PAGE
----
In Britain, environmentalist patron saint James Lovelock now tells the BBC he suspects climate scientists have "[fudged] the data" and that if the planet is going to be saved, "it will save itself, as it always has done."
This comes from an op-ed by Wall Street Journal editor Bret Stephens (behind a pay wall, so transcribed by us) that takes the premise that global warming is a hoax. What Stephens means to say here is that Lovelock agrees with this.
We think Stephens’s op-ed is utter tosh, as Lovelock might say, riddled with poor logic and a bad marshalling of facts. But we were interested in pursuing Lovelock’s current views and found, as usual, that parsing his words can lead to tears pretty fast. In a recent interview, he observed:
The good skeptics have done a good service, but some of the mad ones I think have not done anyone any favors. You need skeptics, especially when the science gets very big and monolithic."
That’s not quite where Stephens is coming from. Here’s how much Lovelock discounts climate change:
But even the best democracies agree that when a major war approaches, democracy must be put on hold for the time being. I have a feeling that climate change may be an issue as severe as a war. It may be necessary to put democracy on hold for a while.
We couldn’t disagree more, but that’s Lovelock. Stephens is right that Lovelock believes the “world will save itself,” but in the interview where he says this, he also makes the point that it will do it without people – he expects the world population to drop to about a billion due to climate change by the end of this century.
Lovelock takes a very dim view on people being able to save their own future – either through government action or international effort - so he posits adaptation to a new reality as an alternative:
Climate change is kind of a repetition of a war-time situation. It could quite easily lead to a physical war. That's why I always come back to the safest thing to do being adaptation. For example, we've got to have good supplies of food. I would be very pleased to see this country and Europe seriously thinking about synthesizing food.
Soylent Green, anyone?
We could scarcely leave Lovelock behind without noting his comments on nuclear energy in the Guardian piece:
I'm in favor of nuclear for crowded places like Britain for the simple reason that it's cheap, effective and exceedingly safe when you look at the record. We've had it for 50 years…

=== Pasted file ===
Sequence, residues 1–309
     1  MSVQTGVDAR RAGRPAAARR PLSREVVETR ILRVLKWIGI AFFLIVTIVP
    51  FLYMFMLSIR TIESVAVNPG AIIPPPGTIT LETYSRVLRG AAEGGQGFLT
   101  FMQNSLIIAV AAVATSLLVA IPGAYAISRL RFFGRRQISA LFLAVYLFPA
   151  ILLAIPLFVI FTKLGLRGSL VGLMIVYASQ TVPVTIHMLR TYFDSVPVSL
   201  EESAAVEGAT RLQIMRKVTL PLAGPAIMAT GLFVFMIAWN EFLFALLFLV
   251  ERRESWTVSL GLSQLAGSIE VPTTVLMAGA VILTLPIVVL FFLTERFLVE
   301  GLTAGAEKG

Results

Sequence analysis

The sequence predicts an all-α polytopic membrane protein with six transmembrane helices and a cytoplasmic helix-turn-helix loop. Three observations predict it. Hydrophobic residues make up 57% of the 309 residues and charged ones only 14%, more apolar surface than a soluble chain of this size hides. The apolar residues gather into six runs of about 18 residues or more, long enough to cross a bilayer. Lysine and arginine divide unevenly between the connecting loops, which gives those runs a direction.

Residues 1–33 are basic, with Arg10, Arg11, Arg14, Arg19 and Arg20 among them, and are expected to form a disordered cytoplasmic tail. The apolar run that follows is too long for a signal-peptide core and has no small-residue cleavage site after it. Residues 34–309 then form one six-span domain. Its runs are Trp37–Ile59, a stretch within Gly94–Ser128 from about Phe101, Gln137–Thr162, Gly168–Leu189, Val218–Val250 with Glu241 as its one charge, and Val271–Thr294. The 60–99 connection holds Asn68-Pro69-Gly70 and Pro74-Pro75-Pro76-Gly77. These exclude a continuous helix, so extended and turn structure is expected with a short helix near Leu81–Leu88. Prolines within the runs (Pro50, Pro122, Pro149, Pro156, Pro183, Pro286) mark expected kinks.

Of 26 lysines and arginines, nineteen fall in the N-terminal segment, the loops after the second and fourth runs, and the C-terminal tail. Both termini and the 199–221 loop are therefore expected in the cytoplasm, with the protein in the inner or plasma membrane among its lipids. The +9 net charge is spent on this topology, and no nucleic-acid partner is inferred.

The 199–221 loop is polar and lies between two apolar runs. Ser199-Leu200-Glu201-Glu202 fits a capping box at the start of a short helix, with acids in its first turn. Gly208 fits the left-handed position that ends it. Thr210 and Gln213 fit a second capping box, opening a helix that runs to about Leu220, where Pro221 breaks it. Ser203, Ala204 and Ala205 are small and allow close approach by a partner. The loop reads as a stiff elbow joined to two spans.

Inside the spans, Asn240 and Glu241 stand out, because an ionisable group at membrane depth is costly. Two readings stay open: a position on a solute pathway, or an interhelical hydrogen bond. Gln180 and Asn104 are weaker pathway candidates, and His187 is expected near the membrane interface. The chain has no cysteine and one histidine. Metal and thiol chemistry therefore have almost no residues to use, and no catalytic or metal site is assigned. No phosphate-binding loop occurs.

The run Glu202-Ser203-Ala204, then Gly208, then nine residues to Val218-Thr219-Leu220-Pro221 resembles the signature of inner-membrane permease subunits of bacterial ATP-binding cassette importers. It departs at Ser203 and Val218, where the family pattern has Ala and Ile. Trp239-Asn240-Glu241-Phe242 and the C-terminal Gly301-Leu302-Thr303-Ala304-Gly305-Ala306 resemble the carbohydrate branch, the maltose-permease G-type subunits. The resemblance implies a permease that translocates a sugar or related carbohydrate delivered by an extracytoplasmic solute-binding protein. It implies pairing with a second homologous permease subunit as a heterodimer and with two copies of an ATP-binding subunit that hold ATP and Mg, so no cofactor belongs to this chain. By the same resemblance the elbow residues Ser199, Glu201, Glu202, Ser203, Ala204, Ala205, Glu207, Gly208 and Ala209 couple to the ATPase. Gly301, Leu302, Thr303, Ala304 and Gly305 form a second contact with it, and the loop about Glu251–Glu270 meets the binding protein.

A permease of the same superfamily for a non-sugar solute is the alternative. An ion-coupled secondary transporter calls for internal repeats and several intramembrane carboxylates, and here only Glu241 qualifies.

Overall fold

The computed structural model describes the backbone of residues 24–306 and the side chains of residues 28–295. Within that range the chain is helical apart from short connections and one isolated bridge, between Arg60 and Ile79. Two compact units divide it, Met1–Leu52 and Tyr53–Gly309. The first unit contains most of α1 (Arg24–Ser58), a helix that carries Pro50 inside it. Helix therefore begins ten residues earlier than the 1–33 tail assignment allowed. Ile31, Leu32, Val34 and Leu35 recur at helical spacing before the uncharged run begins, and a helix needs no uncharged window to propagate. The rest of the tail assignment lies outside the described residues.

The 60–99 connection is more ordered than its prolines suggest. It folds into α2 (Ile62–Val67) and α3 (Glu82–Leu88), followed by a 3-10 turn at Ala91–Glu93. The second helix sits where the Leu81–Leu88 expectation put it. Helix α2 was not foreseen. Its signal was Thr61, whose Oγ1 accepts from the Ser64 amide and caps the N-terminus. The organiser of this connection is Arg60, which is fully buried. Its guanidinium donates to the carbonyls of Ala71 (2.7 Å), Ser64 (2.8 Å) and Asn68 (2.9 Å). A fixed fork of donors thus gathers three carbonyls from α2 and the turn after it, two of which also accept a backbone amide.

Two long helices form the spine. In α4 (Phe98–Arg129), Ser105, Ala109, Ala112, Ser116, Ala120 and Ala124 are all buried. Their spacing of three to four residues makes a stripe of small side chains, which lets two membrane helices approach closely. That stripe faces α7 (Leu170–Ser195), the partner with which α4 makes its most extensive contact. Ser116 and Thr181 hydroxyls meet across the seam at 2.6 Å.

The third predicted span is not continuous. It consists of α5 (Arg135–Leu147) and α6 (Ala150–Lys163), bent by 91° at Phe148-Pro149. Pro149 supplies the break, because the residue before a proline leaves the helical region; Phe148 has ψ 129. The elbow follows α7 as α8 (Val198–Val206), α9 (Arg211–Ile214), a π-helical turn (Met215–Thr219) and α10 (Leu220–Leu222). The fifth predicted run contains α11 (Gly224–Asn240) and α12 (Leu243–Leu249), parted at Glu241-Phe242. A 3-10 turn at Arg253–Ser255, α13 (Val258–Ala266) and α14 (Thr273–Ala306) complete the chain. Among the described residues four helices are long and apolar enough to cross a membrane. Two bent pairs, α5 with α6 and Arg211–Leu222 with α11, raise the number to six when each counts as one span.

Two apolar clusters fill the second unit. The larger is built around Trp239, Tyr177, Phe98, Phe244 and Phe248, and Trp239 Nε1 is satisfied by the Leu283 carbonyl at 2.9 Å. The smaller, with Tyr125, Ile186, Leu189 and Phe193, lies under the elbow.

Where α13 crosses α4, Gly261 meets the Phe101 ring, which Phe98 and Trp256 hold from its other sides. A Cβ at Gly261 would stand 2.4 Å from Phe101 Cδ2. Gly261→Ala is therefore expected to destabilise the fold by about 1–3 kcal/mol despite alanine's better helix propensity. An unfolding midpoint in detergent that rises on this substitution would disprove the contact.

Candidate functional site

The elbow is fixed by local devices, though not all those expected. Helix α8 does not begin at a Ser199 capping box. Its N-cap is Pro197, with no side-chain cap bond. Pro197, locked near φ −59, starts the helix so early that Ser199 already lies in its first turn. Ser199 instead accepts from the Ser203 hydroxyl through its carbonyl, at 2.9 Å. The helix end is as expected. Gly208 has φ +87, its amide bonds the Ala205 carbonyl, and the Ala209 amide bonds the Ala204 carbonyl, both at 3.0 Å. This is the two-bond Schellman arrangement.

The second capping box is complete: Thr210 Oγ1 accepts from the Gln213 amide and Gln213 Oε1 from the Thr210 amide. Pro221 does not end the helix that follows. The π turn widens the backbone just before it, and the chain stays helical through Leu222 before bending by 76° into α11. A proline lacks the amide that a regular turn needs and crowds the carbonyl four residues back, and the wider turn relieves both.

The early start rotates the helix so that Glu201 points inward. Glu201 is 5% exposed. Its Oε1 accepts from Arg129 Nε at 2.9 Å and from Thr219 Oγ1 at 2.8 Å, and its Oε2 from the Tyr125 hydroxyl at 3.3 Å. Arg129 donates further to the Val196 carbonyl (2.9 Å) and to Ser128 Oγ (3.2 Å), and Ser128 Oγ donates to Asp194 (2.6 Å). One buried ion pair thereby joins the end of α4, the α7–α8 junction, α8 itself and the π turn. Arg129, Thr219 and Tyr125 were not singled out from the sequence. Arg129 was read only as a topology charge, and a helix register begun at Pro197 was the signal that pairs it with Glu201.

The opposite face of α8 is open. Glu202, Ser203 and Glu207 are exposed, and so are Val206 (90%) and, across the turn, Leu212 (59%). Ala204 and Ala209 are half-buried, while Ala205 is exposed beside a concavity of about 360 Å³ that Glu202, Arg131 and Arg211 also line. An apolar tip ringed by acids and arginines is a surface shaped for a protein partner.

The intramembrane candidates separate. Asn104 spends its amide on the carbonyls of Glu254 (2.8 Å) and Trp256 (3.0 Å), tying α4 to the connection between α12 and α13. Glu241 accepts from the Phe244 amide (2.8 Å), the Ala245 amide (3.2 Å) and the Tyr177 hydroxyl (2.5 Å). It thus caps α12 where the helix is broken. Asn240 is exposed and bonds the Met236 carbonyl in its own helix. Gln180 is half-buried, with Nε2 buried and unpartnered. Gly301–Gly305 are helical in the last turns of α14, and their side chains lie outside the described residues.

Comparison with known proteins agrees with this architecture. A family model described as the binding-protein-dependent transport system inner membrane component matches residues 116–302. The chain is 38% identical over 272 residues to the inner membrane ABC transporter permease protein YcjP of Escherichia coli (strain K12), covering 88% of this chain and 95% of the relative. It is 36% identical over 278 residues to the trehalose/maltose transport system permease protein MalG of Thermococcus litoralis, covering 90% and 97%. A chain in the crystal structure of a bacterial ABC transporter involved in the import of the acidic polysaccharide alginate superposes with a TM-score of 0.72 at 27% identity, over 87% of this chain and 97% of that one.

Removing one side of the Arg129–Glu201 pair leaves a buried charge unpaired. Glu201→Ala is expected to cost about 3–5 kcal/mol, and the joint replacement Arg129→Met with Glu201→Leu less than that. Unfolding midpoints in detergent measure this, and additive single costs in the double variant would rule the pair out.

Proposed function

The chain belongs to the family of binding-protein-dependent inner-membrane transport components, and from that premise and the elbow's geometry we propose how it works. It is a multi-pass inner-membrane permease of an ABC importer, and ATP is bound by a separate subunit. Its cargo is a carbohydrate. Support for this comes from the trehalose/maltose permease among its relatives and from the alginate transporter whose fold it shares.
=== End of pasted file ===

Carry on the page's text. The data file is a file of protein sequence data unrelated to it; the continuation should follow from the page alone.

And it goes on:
That’s the first half and it’s true enough.
…but I can understand the left hating it because it was [Prime Minister Margaret] Thatcher's greatest weapon against the miners because we were then [in the 1980s] getting 30% of our electricity from nuclear.
And that’s the second, in case one thought Lovelock could say anything without broader context. We don’t always agree with Lovelock – and more frequently agree then disagree then agree - but he’s a genuinely fascinating figure – contrary, counterintuitive, always thought provoking,
We always like to bring you positive editorials about nuclear energy, but lately we ran into one that uses the recent disaster in West Virginia to extol the relative safety of nuclear energy. While we always appreciate positive press, this one – makes us – hesitate and we won’t share it.
Why? Perhaps because West Virginia sits close enough to Washington to make this a local tragedy worthy of communal grief and anger, perhaps because we find the history and experience of mining and miners a key to the American experience.
And perhaps it is because we find it personally troubling to use this misfortune to make any point at all about nuclear energy – or wind – or solar – or anything else. There are times, we think, when you have to clear space around an event and let it represent only itself. We want to know about the miners who died – and about Massey’s culpability, if any – and about the government response. Anything else we may be tempted to say about it here – can wait.
James Lovelock, with Gaia herself.